“To check whether these neurons are also important for controlling when escape stops, we first activated the neurons after the animals had started escaping and found that they stop before they reach the shelter.

“Then when we inhibited the neurons, we found that mice run past the shelter and do not stop escaping. This means the neurons have access to the information that the animal uses to know when it has reached safety,” explained Professor Branco.

The next step for the team is to understand how the experience of threat makes the system more or less excitable through the recruitment of these neurons.

“If we were able to reveal the specific molecular pathway that links experience to the recruitment of these neurons, then it is conceivable that drugs could be developed to target this pathway so that the sensitivity could be dialled up or down in people with anxiety and PTSD,” concluded Professor Branco.

Funding: This research was funded by a Wellcome Senior Research Fellowship (214352/Z/18/Z), by the Sainsbury Wellcome Centre Core Grant from the Gatsby Charitable Foundation and Wellcome (GAT3755 and 219627/Z/19/Z) and by a European Research Council grant (Consolidator no. 864912), German Research Foundation postdoctoral fellowships (project no. 515465001; project no. STE 2605/1), the UCL Wellcome 4-year PhD Programme in Neuroscience, the SWC PhD Programme and the Max Planck Society.

About this neuroscience and PTSD research news

Author: April Cashin-Garbutt
Source: Sainsbury Wellcome Center
Contact: April Cashin-Garbutt – Sainsbury Wellcome Center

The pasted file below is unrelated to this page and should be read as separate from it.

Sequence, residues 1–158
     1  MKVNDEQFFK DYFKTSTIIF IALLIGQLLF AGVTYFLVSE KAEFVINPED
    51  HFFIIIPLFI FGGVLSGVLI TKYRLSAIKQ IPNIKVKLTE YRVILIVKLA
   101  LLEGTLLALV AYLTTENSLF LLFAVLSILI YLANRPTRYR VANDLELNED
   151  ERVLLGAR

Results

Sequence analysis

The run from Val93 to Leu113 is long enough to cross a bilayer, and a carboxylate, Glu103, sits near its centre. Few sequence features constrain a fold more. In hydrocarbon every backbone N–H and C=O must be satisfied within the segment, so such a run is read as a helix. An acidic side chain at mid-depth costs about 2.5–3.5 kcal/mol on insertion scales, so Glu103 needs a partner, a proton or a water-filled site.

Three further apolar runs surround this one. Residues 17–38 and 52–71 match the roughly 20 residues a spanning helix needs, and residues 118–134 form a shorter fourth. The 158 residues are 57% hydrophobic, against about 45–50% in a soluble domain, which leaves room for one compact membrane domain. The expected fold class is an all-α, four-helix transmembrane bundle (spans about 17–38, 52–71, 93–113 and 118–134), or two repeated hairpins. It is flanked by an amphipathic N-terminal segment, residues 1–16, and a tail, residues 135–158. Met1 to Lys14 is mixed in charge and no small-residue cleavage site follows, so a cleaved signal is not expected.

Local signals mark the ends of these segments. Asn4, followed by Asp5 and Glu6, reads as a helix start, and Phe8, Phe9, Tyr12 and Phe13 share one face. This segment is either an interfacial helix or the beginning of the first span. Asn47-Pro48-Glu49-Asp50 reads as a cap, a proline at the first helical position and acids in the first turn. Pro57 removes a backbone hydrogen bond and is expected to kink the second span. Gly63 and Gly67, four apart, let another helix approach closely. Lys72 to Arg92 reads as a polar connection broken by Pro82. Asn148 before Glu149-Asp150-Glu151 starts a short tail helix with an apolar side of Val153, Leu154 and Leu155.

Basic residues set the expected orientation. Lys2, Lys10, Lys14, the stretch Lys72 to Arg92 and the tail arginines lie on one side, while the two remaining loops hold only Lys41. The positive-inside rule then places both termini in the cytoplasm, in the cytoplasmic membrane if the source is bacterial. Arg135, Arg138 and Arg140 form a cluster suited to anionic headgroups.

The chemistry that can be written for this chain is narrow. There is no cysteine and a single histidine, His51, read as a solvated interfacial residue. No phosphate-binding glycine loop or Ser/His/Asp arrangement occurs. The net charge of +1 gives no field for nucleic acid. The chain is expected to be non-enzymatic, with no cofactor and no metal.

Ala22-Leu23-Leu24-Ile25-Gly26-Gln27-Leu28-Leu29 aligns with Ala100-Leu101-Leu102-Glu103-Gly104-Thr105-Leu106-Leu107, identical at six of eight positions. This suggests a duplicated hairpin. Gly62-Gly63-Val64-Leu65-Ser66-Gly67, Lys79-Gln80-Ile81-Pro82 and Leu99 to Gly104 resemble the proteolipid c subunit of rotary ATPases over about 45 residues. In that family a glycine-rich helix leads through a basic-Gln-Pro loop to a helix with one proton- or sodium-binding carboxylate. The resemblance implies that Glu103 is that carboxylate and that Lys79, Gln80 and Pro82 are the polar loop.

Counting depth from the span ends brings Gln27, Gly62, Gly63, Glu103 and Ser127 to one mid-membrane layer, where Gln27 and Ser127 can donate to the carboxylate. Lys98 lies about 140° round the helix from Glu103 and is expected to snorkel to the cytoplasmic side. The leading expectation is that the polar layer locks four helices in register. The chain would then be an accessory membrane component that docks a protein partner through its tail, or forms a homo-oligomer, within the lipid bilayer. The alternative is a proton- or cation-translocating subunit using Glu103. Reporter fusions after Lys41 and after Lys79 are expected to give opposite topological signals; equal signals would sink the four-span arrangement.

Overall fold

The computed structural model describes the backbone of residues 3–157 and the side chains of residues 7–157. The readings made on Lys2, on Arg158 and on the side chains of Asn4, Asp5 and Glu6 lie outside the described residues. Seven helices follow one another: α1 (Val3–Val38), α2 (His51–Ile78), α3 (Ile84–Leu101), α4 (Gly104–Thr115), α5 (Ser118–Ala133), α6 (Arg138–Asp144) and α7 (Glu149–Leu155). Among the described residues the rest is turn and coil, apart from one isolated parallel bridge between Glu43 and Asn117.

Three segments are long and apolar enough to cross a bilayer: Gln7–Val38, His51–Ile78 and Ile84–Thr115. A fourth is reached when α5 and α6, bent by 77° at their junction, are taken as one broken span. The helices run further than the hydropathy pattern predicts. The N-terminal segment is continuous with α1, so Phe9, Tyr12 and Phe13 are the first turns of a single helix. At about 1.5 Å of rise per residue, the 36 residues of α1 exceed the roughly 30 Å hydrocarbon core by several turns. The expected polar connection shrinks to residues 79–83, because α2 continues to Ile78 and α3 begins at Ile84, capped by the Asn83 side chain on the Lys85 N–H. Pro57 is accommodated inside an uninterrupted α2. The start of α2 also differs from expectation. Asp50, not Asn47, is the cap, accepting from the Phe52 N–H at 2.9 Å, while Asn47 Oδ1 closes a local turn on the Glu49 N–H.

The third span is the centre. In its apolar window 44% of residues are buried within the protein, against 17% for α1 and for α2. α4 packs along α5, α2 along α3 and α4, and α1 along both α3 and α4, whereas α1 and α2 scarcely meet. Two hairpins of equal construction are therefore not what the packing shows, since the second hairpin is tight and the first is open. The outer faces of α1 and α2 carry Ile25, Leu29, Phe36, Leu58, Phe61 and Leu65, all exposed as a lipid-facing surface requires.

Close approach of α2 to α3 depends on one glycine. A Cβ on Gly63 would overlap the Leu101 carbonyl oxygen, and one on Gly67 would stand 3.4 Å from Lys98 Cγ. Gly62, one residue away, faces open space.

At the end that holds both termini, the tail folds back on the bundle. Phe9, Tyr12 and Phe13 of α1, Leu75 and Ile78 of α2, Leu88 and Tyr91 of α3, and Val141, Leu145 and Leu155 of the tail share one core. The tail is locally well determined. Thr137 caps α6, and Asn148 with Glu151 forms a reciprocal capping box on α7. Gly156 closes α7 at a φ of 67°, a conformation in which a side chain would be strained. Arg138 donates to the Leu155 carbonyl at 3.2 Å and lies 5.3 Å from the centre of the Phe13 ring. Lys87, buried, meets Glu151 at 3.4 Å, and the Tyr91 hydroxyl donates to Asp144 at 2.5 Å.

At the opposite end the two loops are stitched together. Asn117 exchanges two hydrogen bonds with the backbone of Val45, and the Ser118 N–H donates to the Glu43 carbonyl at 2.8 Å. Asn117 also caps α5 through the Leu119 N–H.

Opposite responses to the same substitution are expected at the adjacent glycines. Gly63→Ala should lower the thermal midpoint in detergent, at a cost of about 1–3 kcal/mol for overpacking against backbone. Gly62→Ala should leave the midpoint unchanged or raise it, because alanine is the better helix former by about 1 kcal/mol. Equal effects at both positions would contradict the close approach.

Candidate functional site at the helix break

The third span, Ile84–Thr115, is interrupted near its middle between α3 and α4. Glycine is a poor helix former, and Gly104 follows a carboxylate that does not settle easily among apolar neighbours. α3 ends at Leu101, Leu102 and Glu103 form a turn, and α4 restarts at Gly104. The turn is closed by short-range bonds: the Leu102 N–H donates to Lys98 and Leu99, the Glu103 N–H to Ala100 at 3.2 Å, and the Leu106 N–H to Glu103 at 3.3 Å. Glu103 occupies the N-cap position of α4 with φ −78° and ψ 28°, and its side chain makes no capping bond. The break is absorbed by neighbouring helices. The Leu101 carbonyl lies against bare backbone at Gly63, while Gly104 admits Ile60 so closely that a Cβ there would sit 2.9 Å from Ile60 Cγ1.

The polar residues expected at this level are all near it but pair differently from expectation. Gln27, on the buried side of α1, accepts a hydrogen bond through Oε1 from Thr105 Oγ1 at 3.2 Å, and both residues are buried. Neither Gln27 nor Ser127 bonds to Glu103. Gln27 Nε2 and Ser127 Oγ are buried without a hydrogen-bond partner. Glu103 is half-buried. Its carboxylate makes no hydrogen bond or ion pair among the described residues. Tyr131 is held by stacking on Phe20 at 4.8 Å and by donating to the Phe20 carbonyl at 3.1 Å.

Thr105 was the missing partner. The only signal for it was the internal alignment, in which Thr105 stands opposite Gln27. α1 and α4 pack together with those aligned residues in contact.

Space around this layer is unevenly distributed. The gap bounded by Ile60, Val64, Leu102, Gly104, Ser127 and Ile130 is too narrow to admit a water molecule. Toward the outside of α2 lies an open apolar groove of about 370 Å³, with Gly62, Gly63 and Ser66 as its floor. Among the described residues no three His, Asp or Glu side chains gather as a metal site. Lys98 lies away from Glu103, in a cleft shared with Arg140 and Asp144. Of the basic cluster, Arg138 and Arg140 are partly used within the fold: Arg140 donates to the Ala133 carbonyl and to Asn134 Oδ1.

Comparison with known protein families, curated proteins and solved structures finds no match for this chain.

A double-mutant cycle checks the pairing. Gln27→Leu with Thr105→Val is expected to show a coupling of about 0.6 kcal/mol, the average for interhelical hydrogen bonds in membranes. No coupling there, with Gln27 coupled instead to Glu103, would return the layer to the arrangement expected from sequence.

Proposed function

Image: The image is credited to Neuroscience News

Original Research: Open access.
Tonically active GABAergic neurons in the dorsal periaqueductal gray control instinctive escape in mice” by Tiago Branco et al. Current Biology


Tonically active GABAergic neurons in the dorsal periaqueductal gray control instinctive escape in mice


  • GABAergic neurons in the dorsal PAG fire action potentials tonically
  • They provide a major source of synaptic inhibition to excitatory PAG neurons
  • Tonic GABAergic activity in the PAG sets a threshold for instinctive escape
  • PAG GABAergic neurons control both escape initiation and termination


Escape behavior is a set of locomotor actions that move an animal away from threat. While these actions can be stereotyped, it is advantageous for survival that they are flexible.

For example, escape probability depends on predation risk and competing motivations and flight to safety requires continuous adjustments of trajectory and must terminate at the appropriate place and time.

This degree of flexibility suggests that modulatory components, like inhibitory networks, act on the neural circuits controlling instinctive escape.

In mice, the decision to escape from imminent threats is implemented by a feedforward circuit in the midbrain, where excitatory vesicular glutamate transporter 2-positive (VGluT2+) neurons in the dorsal periaqueductal gray (dPAG) compute escape initiation and escape vigor.

Here we tested the hypothesis that local GABAergic neurons within the dPAG control escape behavior by setting the excitability of the dPAG escape network.

Using in vitro patch-clamp and in vivo neural activity recordings, we found that vesicular GABA transporter-positive (VGAT+) dPAG neurons fire action potentials tonically in the absence of synaptic inputs and are a major source of inhibition to VGluT2+ dPAG neurons. Activity in VGAT+ dPAG cells transiently decreases at escape onset and increases during escape, peaking at escape termination.

Optogenetically increasing or decreasing VGAT+ dPAG activity changes the probability of escape when the stimulation is delivered at threat onset and the duration of escape when delivered after escape initiation. We conclude that the activity of tonically firing VGAT+ dPAG neurons sets a threshold for escape initiation and controls the execution of the flight action.